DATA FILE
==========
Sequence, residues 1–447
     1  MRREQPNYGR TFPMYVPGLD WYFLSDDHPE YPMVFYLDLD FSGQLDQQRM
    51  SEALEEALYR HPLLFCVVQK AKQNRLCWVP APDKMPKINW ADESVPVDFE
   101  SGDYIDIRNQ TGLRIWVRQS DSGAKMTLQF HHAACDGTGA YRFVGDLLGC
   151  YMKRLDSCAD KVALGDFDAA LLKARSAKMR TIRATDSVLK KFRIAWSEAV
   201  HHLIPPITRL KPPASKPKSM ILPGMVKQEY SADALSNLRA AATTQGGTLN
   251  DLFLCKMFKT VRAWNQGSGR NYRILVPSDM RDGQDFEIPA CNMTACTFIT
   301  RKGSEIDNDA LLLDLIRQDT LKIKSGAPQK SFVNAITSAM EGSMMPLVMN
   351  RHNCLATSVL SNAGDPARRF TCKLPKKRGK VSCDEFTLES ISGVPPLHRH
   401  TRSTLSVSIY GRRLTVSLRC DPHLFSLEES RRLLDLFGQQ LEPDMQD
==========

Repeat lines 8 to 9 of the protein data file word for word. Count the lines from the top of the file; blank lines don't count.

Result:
   301  RKGSEIDNDA LLLDLIRQDT LKIKSGAPQK SFVNAITSAM EGSMMPLVMN
   351  RHNCLATSVL SNAGDPARRF TCKLPKKRGK VSCDEFTLES ISGVPPLHRH